The Jeevan Amrit Yojana
For the first time in this country, a scheme to facilitate blood supply on call to patients scheduled to undergo surgeries and medical procedures, at cheaper rate is implemented. The scheme is implemented in Maharashtra State which is called ‘Jeevan Amrit Yojana. The dedicated helpline number for this scheme is 104. After receiving a call, blood will be supplied within an hour to the patient. The scheme is widened to entire state following its successful implementation on the pilot basis in Satara and Sindhudurg districts. The timely blood supply will reduce hardships faced by patients and their relatives in procuring blood in the hour of emergency. Under the scheme, the request for blood will have to be placed by hospitals.
The patients will have to pay Rs 450 towards the cost of blood and Rs 50 to Rs 100 as the cost of transportation depending on the distance involved. After receiving the call, the required blood and blood components will be transported on motorcycle to hospitals and nursing homes in specially fitted cold storage boxes. Sounds really good!!
Although, the lifesaving scheme needs to be highly praised, it faces logistical challenges. The ground staff executing the scheme say the promise of delivering blood within an hour is unfeasible as cross-matching a patient’s blood sample itself takes an hour. Besides, this transportation time for sample collection and then delivery of blood pouches, which is too long a waiting period. Hence its viability looks challenging. Health officials have also expressed fear that the NGOs roped in to transport blood pouches at a meager payment by the state may withdraw if they think they are spending more than they are making. However, top officials are hopeful that with the help of technology and inclusion of more blood storage centers; these challenges will be overcome in the next few months.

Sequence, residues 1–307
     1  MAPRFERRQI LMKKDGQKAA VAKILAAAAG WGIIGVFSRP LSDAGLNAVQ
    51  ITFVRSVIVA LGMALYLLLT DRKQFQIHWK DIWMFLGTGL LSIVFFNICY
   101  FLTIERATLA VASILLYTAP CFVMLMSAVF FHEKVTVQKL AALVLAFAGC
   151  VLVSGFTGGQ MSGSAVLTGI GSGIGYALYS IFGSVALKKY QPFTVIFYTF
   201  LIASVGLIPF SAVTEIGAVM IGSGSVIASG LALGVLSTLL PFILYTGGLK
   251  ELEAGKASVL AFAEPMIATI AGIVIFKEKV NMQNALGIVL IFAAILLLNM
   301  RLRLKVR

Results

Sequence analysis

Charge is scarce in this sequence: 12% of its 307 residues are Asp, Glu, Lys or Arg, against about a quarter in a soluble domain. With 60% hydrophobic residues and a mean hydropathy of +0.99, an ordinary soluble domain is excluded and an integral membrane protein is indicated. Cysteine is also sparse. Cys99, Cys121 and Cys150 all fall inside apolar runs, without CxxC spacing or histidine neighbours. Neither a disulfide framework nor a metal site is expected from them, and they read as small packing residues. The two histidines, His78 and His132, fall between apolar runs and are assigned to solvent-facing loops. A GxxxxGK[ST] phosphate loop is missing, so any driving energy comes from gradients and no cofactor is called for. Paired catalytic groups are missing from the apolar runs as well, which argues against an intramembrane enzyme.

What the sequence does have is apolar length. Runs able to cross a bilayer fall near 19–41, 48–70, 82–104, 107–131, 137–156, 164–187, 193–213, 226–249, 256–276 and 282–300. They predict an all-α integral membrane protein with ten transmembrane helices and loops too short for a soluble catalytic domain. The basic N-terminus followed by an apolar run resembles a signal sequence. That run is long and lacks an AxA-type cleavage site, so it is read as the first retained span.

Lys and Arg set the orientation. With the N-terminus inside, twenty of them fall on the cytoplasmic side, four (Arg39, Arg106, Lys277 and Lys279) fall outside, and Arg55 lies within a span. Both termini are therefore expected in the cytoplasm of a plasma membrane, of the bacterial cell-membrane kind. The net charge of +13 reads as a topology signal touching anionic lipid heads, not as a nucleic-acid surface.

The modus operandi of the scheme works like this: once the request is placed with the call centre by dialing 104, a technician appointed by an NGO goes to the hospital on a motorcycle to collect the patient’s blood sample. After he comes back to the blood bank, cross-matching is done, a process that takes at least an hour. Again, the transport time involved in fetching the patient’s blood sample and then delivering blood pouches will take another hour, which means at least two hours are needed to deliver the right type of blood to the patient.
Another hindrance in the scheme is meager salaries paid to the technicians. The state government has roped in NGOs to run the scheme effectively. Every state-run blood bank recruits there technicians or ‘arogya sevaks’ which are attached to district hospitals, who work in shifts. As per the arrangement, the state government currently gives Rs 16,000 collectively for three technicians. The NGOs bear the fuel cost, motorcycle repair and maintenance. Initially, the NGOs agreed to offer services at this cost but now they are irritated and have started grumbling. If this continues and the NGOs attached to the hospital blood banks withdraw their services, the scheme will crumple. An NGO spokesperson said, that they dint expect such an overwhelming response and hence they agreed to monthly salary of Rs 16,000 which is way too low. The NGOs have realized that it is not possible to transport blood pouches at such a low amount. Besides, they need at least two technicians to transport blood in each shift as one person cannot fulfill the requirements.
According to a few medical officials, the scheme is not suitable for emergency cases; they suggest people should go to a blood bank attached to a hospital or the nearest blood bank, which will save the transportation time.
According to Dr. Sanjay Jadhav, Assistant Director of the State Blood Transfusion Council (SBTC), which is implementing the scheme on behalf of the state government, by end of March 2015, all the issues will be resolved. The SBTC is going to introduce advanced technology in blood cross-matching, so that the procedure can be finished in 20 minutes. Currently, there are 135 blood storage centers at rural hospitals and primary health centers, another 100 blood storage centers will be added by the end of March. This will reduce the time involved in delivering blood pouches. The NGOs will also be adequately compensated so that they do not incur losses.
In Mumbai, JJ City Blood Bank, Dr Babasaheb Ambedkar Railway Hospital at Byculla and Mumbai Port Trust are selected for the project. In the next phase, this service will be available at Bhabha Hospital at Kurla, ESIC Hospital in Mulund, Sub-District hospital in Malad Malvani, Shatabdi Hospital in Kandivali and Vasai Corporation Hospital as well.